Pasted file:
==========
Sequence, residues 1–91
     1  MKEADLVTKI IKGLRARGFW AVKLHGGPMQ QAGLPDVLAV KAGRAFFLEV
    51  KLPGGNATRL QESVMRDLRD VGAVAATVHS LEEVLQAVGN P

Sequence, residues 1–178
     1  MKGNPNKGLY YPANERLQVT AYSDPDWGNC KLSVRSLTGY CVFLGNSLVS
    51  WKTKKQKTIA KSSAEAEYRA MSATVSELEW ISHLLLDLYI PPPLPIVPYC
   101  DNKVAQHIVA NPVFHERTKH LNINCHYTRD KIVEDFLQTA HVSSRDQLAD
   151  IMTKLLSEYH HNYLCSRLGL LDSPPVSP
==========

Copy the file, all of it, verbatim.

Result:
Sequence, residues 1–91
     1  MKEADLVTKI IKGLRARGFW AVKLHGGPMQ QAGLPDVLAV KAGRAFFLEV
    51  KLPGGNATRL QESVMRDLRD VGAVAATVHS LEEVLQAVGN P

Sequence, residues 1–178
     1  MKGNPNKGLY YPANERLQVT AYSDPDWGNC KLSVRSLTGY CVFLGNSLVS
    51  WKTKKQKTIA KSSAEAEYRA MSATVSELEW ISHLLLDLYI PPPLPIVPYC
   101  DNKVAQHIVA NPVFHERTKH LNINCHYTRD KIVEDFLQTA HVSSRDQLAD
   151  IMTKLLSEYH HNYLCSRLGL LDSPPVSP